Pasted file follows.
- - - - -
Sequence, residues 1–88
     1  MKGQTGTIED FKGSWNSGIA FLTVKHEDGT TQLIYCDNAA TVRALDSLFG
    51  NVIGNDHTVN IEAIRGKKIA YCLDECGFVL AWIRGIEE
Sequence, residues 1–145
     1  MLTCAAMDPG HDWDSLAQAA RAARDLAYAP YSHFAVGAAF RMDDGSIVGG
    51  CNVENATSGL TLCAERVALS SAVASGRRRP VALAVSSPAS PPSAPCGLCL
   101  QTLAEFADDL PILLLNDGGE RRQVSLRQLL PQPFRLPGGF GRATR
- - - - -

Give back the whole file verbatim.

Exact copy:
Sequence, residues 1–88
     1  MKGQTGTIED FKGSWNSGIA FLTVKHEDGT TQLIYCDNAA TVRALDSLFG
    51  NVIGNDHTVN IEAIRGKKIA YCLDECGFVL AWIRGIEE
Sequence, residues 1–145
     1  MLTCAAMDPG HDWDSLAQAA RAARDLAYAP YSHFAVGAAF RMDDGSIVGG
    51  CNVENATSGL TLCAERVALS SAVASGRRRP VALAVSSPAS PPSAPCGLCL
   101  QTLAEFADDL PILLLNDGGE RRQVSLRQLL PQPFRLPGGF GRATR